The owner and management company for the Berkshire Power Plant have agreed to plead guilty to tampering with emissions equipment and submitting false information to both environmental and energy regulators.
The former plant operation and maintenance company also agreed to pay a state civil penalty, added U.S. Attorney Carmen M. Ortiz and Massachusetts Attorney General Maura Healey in a March 30 statement. This case resolution followed a joint federal and state investigation into allegations that managers of the Berkshire Power Plant in Agawam, Massachusetts, tampered with its air pollution monitoring equipment and falsely reported data to environmental and energy regulators regarding its emissions levels and its availability to produce power.
“This resolution addresses a pattern of behavior by multiple persons and entities in obstructing the enforcement of laws designed to protect the air we breathe,” said Ortiz. “The comprehensive resolution, including the first ever criminal charges for false statements to the Federal Energy Regulatory Commission, demonstrates the seriousness with which we take conduct which undermines environmental compliance and the fair regulation of energy markets.”
“The deliberate scheme Berkshire Power Plant management and staff undertook gave them an unfair competitive advantage over responsible companies, and undermined a system that depends on honest data reporting,” said Tyler Amon, Special Agent in Charge of the U.S. Environmental Protection Agency’s Criminal Investigation Division in Boston.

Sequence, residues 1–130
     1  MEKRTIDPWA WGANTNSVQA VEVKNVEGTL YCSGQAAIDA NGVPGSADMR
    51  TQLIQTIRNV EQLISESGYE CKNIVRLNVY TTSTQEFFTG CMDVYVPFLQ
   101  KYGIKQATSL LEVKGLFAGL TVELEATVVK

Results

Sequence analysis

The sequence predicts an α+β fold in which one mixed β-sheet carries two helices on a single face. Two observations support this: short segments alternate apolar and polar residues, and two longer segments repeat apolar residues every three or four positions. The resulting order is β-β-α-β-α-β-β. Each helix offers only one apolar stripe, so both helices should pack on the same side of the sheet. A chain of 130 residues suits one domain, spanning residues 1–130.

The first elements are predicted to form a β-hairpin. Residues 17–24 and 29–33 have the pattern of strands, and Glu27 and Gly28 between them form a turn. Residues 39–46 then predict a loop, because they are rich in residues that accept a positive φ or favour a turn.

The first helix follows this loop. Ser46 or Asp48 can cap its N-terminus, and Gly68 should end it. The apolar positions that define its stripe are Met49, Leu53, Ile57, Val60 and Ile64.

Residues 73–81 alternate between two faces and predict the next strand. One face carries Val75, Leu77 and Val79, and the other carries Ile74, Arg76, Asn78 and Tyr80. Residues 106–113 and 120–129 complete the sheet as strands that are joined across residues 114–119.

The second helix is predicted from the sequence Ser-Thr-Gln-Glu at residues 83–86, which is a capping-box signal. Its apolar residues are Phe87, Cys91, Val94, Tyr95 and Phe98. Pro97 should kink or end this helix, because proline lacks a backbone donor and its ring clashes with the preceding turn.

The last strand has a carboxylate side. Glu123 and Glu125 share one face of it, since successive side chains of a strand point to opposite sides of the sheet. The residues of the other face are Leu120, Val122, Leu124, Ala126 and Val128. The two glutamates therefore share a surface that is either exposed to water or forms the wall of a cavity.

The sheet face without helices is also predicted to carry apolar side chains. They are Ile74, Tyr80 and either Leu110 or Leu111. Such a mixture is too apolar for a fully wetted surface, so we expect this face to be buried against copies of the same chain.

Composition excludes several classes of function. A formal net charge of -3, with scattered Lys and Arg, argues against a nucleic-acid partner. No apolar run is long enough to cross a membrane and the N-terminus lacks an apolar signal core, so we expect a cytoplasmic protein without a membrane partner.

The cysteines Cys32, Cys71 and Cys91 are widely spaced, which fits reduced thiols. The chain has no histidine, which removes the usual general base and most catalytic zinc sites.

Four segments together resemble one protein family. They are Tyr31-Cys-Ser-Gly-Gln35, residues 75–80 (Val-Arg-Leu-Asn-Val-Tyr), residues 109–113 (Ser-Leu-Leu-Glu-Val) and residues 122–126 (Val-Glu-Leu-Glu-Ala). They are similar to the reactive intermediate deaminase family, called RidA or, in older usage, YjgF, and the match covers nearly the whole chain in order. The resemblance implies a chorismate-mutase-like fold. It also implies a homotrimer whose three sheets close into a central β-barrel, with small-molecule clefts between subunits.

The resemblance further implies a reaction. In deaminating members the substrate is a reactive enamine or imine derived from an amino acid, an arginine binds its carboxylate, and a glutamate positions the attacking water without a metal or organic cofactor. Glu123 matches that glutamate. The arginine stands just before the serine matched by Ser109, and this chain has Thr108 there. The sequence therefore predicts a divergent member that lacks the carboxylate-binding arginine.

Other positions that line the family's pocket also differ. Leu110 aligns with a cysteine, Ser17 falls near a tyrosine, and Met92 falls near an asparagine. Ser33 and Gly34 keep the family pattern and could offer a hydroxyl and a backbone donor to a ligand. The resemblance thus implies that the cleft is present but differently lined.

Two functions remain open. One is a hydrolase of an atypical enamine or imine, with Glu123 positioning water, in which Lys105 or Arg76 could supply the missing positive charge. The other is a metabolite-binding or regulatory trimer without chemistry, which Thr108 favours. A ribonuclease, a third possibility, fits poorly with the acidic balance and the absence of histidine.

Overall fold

“Fraud against the Commonwealth is very serious and will be aggressively prosecuted, criminally and civilly, by this Office, especially when the consequence of the fraud is to expose the public to health and safety risks,” said Massachusetts Attorney General Healey.
Berkshire Power Co. (BPC), the owner of Berkshire Power Plant, and Power Plant Management Services (PPMS), the plant manager, agreed to plead guilty to felony charges that they violated and conspired to violate the federal Clean Air Act. These charges arose from air pollution monitoring equipment tampering and related false emissions reporting between 2009 and 2011. PPMS also agreed to plead guilty to charges that it violated the Federal Power Act, the first ever criminal charges under this statute, for making false statements to the regional power grid administrator, ISO New England, regarding the plant’s availability to produce power.
Under the terms of the plea agreements, BPC and PPMS agree to pay a total of $4.25 million related to the criminal charges.
- BPC will pay $2.75 million in criminal fines for the Clean Air Act violations and make a $750,000 community service payment to the American Lung Association to fund a program for the replacement of polluting wood burning stoves in western Massachusetts.
- PPMS will pay $500,000 in criminal fines for the Clean Air Act and Federal Power Act violations and make a $250,000 community service payment to the American Lung Association’s wood stove change-out program.